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Pivotal Cloud Foundry v1.7

Provisioning a Virtual Disk in vSphere

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When you create a virtual machine in VMware vSphere, vSphere creates a new virtual hard drive for that virtual machine. The virtual hard drive is contained in a virtual machine disk (VMDK). The disk format you choose for the new virtual hard drive can have a significant impact on performance.

You can choose one of three formats when creating a virtual hard drive:

  • Thin Provisioned
  • Thick Provisioned Lazy Zeroed
  • Thick Provisioned Eager Zeroed

Thin Provisioned

Advantages:

  • Fastest to provision
  • Allows disk space to be overcommitted to VMs

Disadvantages:

  • Slowest performance due to metadata allocation overhead and additional overhead during initial write operations
  • Overcommitment of storage can lead to application disruption or downtime if resources are actually used
  • Does not support clustering features

When vSphere creates a thin provisioned disk, it only writes a small amount of metadata to the datastore. It does not allocate or zero out any disk space. At write time, vSphere first updates the allocation metadata for the VMDK, then zeros out the block or blocks, then finally writes the data. Because of this overhead, thin provisioned VMDKs have the lowest performance of the three disk formats.

Thin provisioning allows you to overcommit disk spaces to VMs on a datastore. For example, you could put 10 VMs, each with a 50 GB VMDK attached to it, on a single 100 GB datastore, as long as the sum total of all data written by the VMs never exceeded 100 GB. Thin provisioning allows administrators to use space on datastores that would otherwise be unavailable if using thick provisioning, possibly reducing costs and administrative overhead.

Thick Provisioned Lazy Zeroed

Advantages:

  • Faster to provision than Thick Provisioned Eager Zeroed
  • Better performance than Thin Provisioned

Disadvantages:

  • Slightly slower to provision than Thin Provisioned
  • Slower performance than Thick Provisioned Eager Zero
  • Does not support clustering features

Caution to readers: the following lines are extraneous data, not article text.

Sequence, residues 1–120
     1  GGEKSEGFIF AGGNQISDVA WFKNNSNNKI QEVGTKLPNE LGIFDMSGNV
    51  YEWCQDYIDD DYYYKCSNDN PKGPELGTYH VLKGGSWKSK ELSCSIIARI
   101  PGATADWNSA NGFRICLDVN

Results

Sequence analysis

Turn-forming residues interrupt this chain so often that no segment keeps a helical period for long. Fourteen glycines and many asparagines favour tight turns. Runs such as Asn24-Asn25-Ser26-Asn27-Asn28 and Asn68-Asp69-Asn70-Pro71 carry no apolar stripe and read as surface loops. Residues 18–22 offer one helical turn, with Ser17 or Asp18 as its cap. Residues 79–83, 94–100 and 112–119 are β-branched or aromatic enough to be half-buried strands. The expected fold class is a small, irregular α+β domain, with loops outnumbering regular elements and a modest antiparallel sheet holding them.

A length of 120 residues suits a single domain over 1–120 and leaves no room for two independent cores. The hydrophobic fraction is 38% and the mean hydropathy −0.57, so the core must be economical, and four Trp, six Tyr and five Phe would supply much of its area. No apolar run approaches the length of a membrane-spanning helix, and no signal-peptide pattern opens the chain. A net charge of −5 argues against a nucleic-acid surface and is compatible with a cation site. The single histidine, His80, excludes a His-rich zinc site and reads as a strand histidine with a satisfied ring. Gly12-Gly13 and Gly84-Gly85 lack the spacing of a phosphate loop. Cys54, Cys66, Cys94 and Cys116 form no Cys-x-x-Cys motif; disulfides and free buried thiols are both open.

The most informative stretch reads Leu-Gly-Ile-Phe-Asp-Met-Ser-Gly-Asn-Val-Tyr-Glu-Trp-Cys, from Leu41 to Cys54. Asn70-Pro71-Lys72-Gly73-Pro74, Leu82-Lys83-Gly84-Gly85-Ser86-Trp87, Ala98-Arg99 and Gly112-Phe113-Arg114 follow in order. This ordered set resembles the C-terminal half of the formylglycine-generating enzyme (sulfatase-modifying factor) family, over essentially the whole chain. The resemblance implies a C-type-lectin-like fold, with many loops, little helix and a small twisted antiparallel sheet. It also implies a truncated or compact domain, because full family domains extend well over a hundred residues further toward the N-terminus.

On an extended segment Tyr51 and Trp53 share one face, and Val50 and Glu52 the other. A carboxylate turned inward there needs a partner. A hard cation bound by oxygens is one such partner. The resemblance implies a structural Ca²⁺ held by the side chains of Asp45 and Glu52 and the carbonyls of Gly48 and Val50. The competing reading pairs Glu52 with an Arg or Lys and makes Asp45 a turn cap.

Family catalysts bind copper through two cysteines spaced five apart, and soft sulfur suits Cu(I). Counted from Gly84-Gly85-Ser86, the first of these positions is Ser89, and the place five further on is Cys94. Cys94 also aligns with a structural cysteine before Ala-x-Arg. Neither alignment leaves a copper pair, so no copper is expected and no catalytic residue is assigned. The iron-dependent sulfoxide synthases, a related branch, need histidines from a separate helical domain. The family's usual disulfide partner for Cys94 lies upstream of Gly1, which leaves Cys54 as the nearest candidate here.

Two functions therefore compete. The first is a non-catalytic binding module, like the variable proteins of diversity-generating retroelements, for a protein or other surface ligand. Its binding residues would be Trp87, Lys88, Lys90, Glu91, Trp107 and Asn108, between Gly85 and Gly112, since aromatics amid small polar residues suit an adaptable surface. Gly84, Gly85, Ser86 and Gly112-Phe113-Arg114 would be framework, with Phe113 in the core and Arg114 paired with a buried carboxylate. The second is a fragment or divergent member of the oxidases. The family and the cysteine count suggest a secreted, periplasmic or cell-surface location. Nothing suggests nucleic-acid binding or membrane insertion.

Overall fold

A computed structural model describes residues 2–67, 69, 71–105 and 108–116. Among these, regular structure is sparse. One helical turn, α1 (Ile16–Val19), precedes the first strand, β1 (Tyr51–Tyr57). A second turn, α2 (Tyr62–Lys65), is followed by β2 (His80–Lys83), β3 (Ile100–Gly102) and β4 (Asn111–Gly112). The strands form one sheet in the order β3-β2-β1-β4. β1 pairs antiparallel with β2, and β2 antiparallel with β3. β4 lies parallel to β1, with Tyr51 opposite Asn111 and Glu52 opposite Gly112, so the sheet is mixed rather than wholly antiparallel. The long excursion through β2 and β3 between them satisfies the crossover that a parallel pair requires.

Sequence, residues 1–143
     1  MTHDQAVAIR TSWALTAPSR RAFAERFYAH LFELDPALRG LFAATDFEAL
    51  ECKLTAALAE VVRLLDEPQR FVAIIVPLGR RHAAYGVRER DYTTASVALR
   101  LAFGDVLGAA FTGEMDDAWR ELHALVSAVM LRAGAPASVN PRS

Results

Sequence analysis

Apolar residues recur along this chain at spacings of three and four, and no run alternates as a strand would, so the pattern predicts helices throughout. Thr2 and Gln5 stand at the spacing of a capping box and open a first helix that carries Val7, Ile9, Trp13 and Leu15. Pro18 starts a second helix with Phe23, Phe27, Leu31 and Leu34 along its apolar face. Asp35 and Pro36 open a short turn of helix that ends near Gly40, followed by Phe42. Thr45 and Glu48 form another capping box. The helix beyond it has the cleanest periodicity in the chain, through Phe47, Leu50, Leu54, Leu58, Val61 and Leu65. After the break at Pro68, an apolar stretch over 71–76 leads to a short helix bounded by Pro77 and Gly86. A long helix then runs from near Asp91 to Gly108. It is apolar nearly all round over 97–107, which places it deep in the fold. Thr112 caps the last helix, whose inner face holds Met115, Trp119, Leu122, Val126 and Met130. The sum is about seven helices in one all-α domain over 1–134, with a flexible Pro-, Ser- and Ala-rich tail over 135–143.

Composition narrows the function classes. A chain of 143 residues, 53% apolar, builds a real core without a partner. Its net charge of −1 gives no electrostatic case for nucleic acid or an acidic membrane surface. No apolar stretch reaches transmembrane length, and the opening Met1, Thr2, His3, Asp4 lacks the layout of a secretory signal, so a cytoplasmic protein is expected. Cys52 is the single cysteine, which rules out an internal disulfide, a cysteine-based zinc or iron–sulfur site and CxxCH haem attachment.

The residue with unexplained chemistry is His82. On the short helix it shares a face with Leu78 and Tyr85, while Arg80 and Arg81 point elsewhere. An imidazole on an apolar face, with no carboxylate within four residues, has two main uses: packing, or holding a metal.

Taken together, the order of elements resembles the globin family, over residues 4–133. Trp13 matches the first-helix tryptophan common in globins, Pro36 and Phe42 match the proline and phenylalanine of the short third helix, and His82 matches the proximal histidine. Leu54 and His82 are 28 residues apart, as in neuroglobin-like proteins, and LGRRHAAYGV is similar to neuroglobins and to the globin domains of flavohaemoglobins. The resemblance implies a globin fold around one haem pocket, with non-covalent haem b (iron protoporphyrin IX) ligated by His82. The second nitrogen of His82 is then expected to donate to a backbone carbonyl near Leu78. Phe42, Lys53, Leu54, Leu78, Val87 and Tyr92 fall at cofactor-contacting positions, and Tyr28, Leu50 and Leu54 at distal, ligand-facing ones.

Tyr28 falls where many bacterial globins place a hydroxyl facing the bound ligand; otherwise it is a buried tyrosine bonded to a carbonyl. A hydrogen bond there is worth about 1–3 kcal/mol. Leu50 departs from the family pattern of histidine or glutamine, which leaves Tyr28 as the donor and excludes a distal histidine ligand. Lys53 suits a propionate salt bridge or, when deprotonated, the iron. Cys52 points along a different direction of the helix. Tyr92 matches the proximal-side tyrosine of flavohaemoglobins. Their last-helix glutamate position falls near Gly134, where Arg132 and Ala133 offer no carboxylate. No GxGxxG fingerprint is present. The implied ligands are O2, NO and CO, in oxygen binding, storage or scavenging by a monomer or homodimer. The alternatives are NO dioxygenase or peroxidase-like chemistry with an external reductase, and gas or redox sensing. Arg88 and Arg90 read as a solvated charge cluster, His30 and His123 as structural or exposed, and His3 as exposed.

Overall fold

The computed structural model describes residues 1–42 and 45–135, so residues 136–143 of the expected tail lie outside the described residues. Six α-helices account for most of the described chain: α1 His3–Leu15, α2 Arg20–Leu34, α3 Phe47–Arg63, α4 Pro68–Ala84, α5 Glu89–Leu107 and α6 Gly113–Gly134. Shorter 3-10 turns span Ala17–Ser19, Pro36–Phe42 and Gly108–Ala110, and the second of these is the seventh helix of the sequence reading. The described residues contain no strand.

When vSphere creates a thick provisioned lazy zeroed disk, it allocates the maximum size of the disk to the VMDK, but does nothing else. At the initial access to each block, vSphere first zeros out the block, then writes the data. Performance of a thick provisioned lazy zeroed disk is not as good a thick provisioned eager zero disk because of this added overhead.

Thick Provisioned Eager Zeroed

Advantages:

  • Best performance
  • Overwriting allocated disk space with zeros reduces possible security risks
  • Supports clustering features such as Microsoft Cluster Server (MSCS) and VMware Fault Tolerance

Disadvantages:

  • Longest time to provision

When vSphere creates a thick provisioned eager zeroed disk, it allocates the maximum size of the disk to the VMDK, then zeros out all of that space.

Example: If you create an 80 GB thick provisioned eager zeroed VMDK, vSphere allocates 80 GB and writes 80 GB of zeros.

By overwriting all data in the allocated space with zeros, thick provisioned eager zeroed eliminates the possibility of reading any residual data from the disk, thereby reducing possible security risks.

Thick provisioned eager zeroed VMDKs have the best performance. When a write operation occurs to a thick provisioned eager zeroed disk, vSphere writes to the disk, with none of the additional overhead required by thin provisioned or thick provisioned lazy zeroed formats.

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